Alternative Data, Coronavirus, COVID-19

Using Alternative Data to Track the Coronavirus (COVID-19)

In connection with the coronavirus (COVID-19) pandemic, the global markets are crashing. This type of event is really a sink-or-swim for hedge funds and other asset managers who may completely crumble from market fluctuation or find the undiscovered alpha and profit.

Investors are turning to alternative data to track things like how many people are testing positive, how many are hospitalized, whether the curve is flattening, how quickly Chinese workers are returning to work and factory/supply chains resuming to business-as-usual, to track bookings across hotels/airlines, consumer spending habits, food delivery demand, app data mobile tracking foot fall and migration, etc.

The most popular ways to track the mathematical progress of the pandemic includes:

  • created by high schooler, Avi Schiffmann which tracks all confirmed cases, changes, recovered, fatalities, etc.
  • John Hopkins Novel Coronavirus Visual Dashboard assembled by the John Hopkins University Center for Systems Science and Engineering. This map aggregates a bunch of sources in one place like WHO, European Centre for Disease Precention and Control, government websites. The map displays total cases by country, number of deaths and number of people who have recovered
  • Wolters Kluwer’s COVID-19 Search Intensity Monitoring platform
  • Morgan Stanley’s AlphaWise web platform, built by the bank’s research business, “is using artificial intelligence, traditional consumer surveys, and visualization techniques to monitor the impact of Covid-19.”
  • Covid-19 Tracker published by Benjamin Wissel, MD-PhD Candidate from the Dept. of Biomedical Informatics at the University of Cincinnati College of Medicine
  • The COVID Tracking Project, a volunteer effort led by The Atlantic‘s Alexis Madrigal which collects data from known state public health authority sources and reports the number of positive and negative tests, how many people have been hospitalized, how many have died in each state, etc.
  • government data collected via webscraping
    • federal government data (i.e. WHO, CDC)
    • state departments of health
    • news sources, blogs, any government data trackers
  • Womply’s Data dashboard: How coronavirus / COVID-19 is impacting local business revenue across the U.S.
  • Ohm Analytics Weekly Solar Activity Tracker used to ‘track solar activity on a more real-time basis to monitor the impact of the COVID virus
  • 91-DIVOC, created by University of Illinois associate computer science professor Wade Fagen-Ulmschneider, collects data from Standford’s dashboard and plot the data on charts comparing different countries or states with each timeline starting on the day it reported 100 cases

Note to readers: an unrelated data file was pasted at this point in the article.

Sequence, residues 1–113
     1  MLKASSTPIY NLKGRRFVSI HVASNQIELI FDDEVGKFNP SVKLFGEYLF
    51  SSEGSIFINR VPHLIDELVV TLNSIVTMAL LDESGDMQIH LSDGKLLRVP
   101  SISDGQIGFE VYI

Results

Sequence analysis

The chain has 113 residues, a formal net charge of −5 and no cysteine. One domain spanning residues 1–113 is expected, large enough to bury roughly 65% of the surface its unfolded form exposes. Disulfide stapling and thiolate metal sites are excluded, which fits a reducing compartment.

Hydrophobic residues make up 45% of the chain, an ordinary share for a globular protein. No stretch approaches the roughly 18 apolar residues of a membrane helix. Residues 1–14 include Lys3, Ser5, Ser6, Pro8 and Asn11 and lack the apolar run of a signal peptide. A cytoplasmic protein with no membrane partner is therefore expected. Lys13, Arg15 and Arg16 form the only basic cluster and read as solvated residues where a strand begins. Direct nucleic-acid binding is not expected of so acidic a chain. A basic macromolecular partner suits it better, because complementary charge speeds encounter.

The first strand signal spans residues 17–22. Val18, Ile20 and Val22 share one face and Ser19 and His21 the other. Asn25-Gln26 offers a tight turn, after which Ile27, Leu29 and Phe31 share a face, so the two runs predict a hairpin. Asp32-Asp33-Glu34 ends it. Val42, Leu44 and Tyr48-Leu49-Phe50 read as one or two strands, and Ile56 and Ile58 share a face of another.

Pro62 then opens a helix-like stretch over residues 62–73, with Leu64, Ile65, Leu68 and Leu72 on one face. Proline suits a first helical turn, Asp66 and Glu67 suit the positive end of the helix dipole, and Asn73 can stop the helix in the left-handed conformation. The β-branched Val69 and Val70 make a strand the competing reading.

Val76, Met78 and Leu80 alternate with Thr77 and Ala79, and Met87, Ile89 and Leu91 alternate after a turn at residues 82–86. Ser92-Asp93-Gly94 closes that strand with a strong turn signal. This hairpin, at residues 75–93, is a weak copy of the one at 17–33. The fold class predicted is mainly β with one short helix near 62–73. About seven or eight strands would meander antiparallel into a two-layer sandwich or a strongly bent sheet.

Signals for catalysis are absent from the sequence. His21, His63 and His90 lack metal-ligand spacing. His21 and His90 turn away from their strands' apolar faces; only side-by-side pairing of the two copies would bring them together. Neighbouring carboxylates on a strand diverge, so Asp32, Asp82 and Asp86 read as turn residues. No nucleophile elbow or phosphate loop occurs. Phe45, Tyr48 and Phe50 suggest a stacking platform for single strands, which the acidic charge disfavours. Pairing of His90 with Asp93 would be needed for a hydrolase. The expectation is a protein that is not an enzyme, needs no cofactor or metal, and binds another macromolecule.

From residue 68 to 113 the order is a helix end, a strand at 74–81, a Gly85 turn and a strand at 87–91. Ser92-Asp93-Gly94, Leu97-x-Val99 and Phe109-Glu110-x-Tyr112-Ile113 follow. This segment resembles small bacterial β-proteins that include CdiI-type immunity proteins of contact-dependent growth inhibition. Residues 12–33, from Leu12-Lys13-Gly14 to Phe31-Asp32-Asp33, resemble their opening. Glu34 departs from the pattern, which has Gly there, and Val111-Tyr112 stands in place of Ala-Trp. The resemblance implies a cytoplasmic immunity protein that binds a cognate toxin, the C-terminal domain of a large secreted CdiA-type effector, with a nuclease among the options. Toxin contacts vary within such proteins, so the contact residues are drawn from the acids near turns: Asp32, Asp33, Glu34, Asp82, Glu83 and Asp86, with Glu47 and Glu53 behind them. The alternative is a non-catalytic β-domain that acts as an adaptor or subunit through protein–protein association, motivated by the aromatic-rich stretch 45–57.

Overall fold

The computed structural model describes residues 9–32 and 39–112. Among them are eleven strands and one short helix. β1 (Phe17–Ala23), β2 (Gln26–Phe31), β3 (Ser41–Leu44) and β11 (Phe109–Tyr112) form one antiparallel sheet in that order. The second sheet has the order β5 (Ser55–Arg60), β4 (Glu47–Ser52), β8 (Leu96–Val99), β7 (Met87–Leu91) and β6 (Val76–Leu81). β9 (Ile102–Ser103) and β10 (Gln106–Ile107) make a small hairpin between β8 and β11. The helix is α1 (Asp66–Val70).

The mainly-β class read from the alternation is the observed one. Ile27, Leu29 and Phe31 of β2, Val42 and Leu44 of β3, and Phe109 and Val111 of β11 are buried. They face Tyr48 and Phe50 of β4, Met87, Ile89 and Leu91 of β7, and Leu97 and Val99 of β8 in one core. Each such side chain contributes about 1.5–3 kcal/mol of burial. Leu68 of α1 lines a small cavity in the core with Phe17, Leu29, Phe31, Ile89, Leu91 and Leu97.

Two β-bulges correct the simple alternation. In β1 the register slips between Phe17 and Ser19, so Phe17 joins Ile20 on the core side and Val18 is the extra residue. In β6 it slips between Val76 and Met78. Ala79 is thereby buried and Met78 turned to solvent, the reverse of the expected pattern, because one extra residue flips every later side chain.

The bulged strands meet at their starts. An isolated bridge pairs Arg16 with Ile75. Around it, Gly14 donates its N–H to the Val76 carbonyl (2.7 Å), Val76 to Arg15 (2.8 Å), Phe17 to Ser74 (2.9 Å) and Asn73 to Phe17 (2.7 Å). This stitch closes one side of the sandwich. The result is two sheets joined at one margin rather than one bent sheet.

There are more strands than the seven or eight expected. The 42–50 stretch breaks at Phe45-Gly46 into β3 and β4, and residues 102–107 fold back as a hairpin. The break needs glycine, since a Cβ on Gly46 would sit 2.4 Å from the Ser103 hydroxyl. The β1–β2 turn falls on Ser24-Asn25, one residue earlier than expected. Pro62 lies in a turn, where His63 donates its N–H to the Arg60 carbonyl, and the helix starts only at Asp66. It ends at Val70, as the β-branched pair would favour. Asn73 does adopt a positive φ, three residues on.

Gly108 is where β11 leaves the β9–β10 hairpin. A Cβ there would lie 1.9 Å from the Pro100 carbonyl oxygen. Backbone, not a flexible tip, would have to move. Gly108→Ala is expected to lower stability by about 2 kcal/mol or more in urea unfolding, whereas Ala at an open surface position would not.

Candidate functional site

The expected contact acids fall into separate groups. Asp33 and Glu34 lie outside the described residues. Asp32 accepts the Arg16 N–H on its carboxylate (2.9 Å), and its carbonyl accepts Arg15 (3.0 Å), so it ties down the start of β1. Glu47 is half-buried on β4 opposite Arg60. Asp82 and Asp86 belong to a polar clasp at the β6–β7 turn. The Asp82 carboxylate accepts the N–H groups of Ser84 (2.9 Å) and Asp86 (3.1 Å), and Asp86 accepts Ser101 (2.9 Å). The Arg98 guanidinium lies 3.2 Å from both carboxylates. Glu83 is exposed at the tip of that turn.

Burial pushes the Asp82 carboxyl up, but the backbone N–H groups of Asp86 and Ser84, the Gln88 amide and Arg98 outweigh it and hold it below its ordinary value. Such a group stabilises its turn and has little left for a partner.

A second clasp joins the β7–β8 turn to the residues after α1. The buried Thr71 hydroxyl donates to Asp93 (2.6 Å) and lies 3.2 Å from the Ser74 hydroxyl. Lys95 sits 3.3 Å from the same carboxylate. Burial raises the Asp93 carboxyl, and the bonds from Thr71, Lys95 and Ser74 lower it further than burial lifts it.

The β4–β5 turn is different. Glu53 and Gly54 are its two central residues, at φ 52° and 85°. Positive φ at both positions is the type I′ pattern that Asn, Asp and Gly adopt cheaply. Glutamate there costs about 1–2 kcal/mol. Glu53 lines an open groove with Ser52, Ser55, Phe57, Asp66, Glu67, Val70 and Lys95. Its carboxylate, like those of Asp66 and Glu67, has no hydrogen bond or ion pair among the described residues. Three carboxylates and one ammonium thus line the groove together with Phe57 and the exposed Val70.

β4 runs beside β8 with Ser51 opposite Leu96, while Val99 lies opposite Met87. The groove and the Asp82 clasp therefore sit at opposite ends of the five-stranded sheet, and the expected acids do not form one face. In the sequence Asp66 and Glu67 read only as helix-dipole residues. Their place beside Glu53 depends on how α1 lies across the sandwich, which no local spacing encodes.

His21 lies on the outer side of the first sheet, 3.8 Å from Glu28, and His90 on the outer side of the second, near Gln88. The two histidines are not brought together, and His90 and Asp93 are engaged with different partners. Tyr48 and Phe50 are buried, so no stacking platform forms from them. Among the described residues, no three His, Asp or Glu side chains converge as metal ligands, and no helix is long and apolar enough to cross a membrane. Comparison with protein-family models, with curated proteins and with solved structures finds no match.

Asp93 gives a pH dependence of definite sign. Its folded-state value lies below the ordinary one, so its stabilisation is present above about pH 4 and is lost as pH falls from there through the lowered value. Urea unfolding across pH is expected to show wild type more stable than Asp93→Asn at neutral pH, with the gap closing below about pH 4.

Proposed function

• IHME COVID-19 PROJECTIONS models the growth of the virus across the next few weeks and months, showing how many hospital beds and ventilators each state will need, compared to how many they actually have
  • traffic congestion and coal consumption pollution data collected via satellite imagery and GPS navigation
  • hotel bookings data from sources like TravelClick
  • consumer spending data in key U.S. cities like Seattle, New York City, San Francisco with city and state geolocation breakdowns
  • digital trends in real-time using SimilarWeb to evaluate desktop and mobile traffic for things like online travel, hotels, cruise lines, airlines, rental car services, corporate travel, entertainment, grocery delivery, food delivery, webconferencing
  • real-time location intelligence to see if people are abiding by quarantine requirements from sources like Thasos Group
  • food delivery data using UberEats
  • credit card data from sources like Consumer Edge may track things like weekly sales, traffic, ticket trends
  • app data tracking mobile traffic usage and download metrics
  • online e-commerce retailers like, Tmall data to track sell-through product in China
  • web traffic data to identify engagement metrics, audience interests and sources of traffic to web domains
  • Google Trends analyzes Google searches to determine how often a search term or topic was entered relative to the total search volume across user defined regions
  • GDS (Global Distribution Systems) data to track airline bookings data
  • any social media platform data
  • online remote working apps or telecommunication apps like DingTalk or Zoom to track volume of remote connections established
  • Baidu search engine to track migration between cities in China
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